Crowd gathering around a guillotine execution

The king wisely had the computer scientist beheaded, and they all lived happily ever after.

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Podcast: Tucows Goes to the TRAFFIC Conference

by Joey deVilla on June 29, 2007

Photo: Traffic in Taiwan

Over at the Tucows Blog, I’ve got a podcast in which I interview Adam Eisner, Product Manager for Domains, about his experiences at the recent TRAFFIC conference (“the premier conference for the domain industry”).

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Graphic: Flying GNU and Penguin
Free as in godawful design.

In case you hadn’t heard (or, in case you actually cared), the Free Software Foundation is releasing version 3 of the GPL today. As you might expect, today’s iPhone release is eclipsing GPL v3’s release, but the FSF are undeterred in their mission. In fact, they’re using this coincidence to remind you that the iPhone is a proprietary device with proprietary software created by a proprietary company:

Peter Brown, the executive director of the Boston-based FSF, is also anticipating that the iPhone will include some free software licensed under the GPL. “On June 29, Steve Jobs and Apple will release a product crippled with proprietary software and digital restrictions: crippled, because a device that isn’t under the control of its owner works against the interests of its owner,” he said.

“We know that Apple has built its operating system, OS X, and its Web browser, Safari, using GPL-covered work. It will be interesting to see to what extent the iPhone uses GPL’d software,” he said.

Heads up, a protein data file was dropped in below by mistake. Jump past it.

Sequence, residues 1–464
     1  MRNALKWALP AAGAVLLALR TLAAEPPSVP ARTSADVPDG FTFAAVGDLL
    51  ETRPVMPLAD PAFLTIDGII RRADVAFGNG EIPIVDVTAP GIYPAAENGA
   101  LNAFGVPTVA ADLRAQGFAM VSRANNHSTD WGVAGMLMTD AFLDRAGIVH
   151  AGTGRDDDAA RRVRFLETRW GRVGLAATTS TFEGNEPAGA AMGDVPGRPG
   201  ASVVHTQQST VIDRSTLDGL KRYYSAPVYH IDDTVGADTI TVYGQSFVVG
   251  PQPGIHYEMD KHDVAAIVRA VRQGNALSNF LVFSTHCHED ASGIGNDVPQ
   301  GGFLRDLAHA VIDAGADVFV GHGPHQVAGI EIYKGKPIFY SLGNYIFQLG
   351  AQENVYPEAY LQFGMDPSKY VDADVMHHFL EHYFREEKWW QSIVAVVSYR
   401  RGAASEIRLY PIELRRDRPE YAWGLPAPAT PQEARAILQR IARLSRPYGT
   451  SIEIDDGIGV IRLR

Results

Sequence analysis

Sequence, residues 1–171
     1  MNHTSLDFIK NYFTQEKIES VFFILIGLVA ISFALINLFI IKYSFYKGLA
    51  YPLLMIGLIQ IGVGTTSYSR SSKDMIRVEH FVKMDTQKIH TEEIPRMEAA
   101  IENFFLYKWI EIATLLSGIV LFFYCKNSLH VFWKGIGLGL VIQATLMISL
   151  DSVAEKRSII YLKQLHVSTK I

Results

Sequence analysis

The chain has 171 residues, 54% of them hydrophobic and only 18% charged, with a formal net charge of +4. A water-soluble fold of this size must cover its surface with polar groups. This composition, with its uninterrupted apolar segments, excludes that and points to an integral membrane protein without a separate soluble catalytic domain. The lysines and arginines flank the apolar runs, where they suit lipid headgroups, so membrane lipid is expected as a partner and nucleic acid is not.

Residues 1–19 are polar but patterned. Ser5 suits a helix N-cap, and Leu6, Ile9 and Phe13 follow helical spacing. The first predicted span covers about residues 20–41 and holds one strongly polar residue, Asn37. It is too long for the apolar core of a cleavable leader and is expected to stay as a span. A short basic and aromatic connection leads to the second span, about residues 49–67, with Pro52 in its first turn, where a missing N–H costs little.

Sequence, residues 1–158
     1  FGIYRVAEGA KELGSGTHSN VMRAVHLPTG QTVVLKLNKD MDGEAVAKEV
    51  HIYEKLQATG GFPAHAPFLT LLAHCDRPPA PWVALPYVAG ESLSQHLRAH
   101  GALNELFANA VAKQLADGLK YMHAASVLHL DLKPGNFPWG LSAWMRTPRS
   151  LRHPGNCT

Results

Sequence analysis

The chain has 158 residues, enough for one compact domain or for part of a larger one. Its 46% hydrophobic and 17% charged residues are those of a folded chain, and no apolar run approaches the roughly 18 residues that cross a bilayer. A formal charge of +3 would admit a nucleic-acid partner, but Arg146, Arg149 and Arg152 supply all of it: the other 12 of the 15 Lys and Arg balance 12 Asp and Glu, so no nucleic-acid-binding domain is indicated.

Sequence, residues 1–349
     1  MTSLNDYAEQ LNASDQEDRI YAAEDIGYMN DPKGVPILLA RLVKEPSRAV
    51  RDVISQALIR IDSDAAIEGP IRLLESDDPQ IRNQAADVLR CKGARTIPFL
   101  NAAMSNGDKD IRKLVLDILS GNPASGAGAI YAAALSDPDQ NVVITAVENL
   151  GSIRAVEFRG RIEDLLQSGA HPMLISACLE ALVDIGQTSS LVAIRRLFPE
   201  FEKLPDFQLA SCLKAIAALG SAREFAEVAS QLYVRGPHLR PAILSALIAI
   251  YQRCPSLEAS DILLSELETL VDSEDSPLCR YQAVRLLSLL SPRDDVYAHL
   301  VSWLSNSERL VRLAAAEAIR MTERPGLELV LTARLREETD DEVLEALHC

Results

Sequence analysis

Version 3 of the GPL fights the most recent attempts to take the freedom out of free software, and attacks “Tivoization”—devices that are built with free software but use technical measures to prevent users from making modifications to the software—which could prove to be a problem for Apple and the iPhone, he said.

Of course, if Free Software were the deciding factor for consumers, the GP2X would be the hot ticket in handheld games, not the Nintendo DS. And the hot console would be the…well, the Free Software console that someone will work on, as soon as they’re done with the HURD.

As much as I love and use Free Software, I’ve become quite cynical about its major proponents and figureheads. Whenever I hear someone say “As a card-carrying member of the FSF”, I automatically equate it in my mind with Grampa Simpson’s declartion, “I am not a crackpot!” [MP3 link]

Graphic: Grampa Simpson yelling at someone
Click the image to hear an MP3 of Grampa Simpson saying “I am not a crackpot!”

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“The Cult of the Amateur”, by Andrew Keen

by Joey deVilla on June 29, 2007

Photo: “The Cult of the Amateur” by Andrew KeenThe Ginger Ninja and I had a little time to kill before flying home from Connecticut last Sunday, so we headed over to Borders to get some cheap books.

Right now, thanks to a combination of:

…it’s far better for us Canadians to buy books in the states.

While at Borders, I saw a display full of Andrew Keen’s The Cult of the Amateur, whose subtitle is How Today’s Internet Is Killing Our Culture, which is covered in today’s New York Times. I had enough time to read the opening chapters and came to my conclusion, an old stand-by for stupid, reactionary works: I’ve seen better paper after wiping my ass.